The opposition to the passage of this Resolution was at best feeble to weak. No one really came prepared to counter the thrust of arguments in their perspective’s favor. As such they mostly talked about domestic jurisdiction issues.

The prospect of having their laws scrutinized in this way went too far for many of the council’s 47-member states. For instance, Akram, Pakistan’s envoy to the UN in Geneva, speaking on behalf of the Organization of the Islamic Conference (OIC) said:

“We are seriously concerned at the attempt to introduce to the United Nations some notions that have no legal foundation”.

Nigeria claimed the proposal went against the wishes of most Africans. Only a diplomat from the northwest African state of Mauritania addressed briefly the philosophical foundations of the perspectives support when he called the Resolution “an attempt to replace the natural rights of a human being with an unnatural right.”

Boris Dietrich of the lesbian, gay, bisexual and transgender rights program at Human Rights Watch said it was important for the US and Western Europe to persuade South Africa to take the lead on the Resolution so that other non-Western countries would be less able to claim the West was imposing its values.

At the same time, he noted that the UN has no enforcement mechanism to back up the resolution.

“It’s up to civil society to name and shame those governments that continue abuses,” Dietrich said.

The US Administration of President Obama has been pushing for gay rights both domestically and internationally. In March 2011, the US had already issued a non-binding Declaration in favor of gay rights that gained the support of more than 80 countries at the UN. In addition, Congress led by the President, recently “repealed” the ban on gays openly serving in the military, and the Obama administration said it would no longer defend the constitutionality of the US law that bars federal recognition of same-sex marriage.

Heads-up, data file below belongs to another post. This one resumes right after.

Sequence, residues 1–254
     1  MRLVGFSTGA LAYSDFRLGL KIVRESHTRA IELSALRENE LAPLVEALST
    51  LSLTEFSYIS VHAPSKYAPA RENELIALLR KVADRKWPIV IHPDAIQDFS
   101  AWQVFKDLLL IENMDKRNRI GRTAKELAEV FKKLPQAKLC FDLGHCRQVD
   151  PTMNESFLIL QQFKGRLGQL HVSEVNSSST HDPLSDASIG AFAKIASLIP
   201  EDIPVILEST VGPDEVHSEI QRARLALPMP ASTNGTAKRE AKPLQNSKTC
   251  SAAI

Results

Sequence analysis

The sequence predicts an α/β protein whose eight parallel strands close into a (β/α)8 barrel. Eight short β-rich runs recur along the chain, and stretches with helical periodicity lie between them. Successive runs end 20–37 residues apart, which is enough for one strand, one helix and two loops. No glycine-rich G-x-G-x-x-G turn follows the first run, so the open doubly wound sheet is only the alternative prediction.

The vote in Geneva came at a momentous time for the gay rights debate in the US. Activists across the political spectrum were on edge Friday as New York legislators considered a bill that would make the state the sixth — and by far the biggest — to allow same-sex marriage. When asked what effect the UN Resolution would do for gays and lesbians in countries that opposed the Resolution, US Deputy Assistant Secretary Daniel Baer said it was a signal

“that there are many people in the international community who stand with them and who support them, and that change will come.”

“It’s a historic method of tyranny to make you feel that you are alone,” he said.

“One of the things that this Resolution does for people everywhere, particularly LGBT people everywhere, is remind them that they are not alone.”

So the nutshell of this expose of the latest important international event on this controversy is that the liberal tendencies, if you will, are arrogated to the industrialized Western nations whereas the rest are jumbled together as being in the fold of traditionalists.

In this psychological and political milieu this cleavage between the Western and Islamic thinking is seen by many as a clash between backwardness, violence and fanaticism and the prevalent norms of contemporary human rights regimes.

In the aftermath of the great tragedy of 9/11 it has thus tended to create a widening gulf between the Western world of predominantly the Christian Faith and the “other” world represented by Islam comprising nearly a quarter of world’s population. These turbulent times have thus produced an atmosphere of tension even distrust between the Muslims and non-Muslims.

While the psychological and social basis of what politically contemporary Islam stands for is certainly a perspective matter, it is clear, that the humanitarian and philosophical rationale of fundamental Islamic beliefs has a vigorous and notable role to play in matters relating to human rights, the family and generally in fields associated with humanitarian affairs.

Irrespective of the efforts that are underway from well-meaning scholars and institutions of the West to erase and reduce such alienation, it is, I believe, of utmost importance that serious effort is made by Muslims to explain their religious worldview to the Western world. This would be, hopefully helpful to make such non- Muslim world understand Islam from “within”.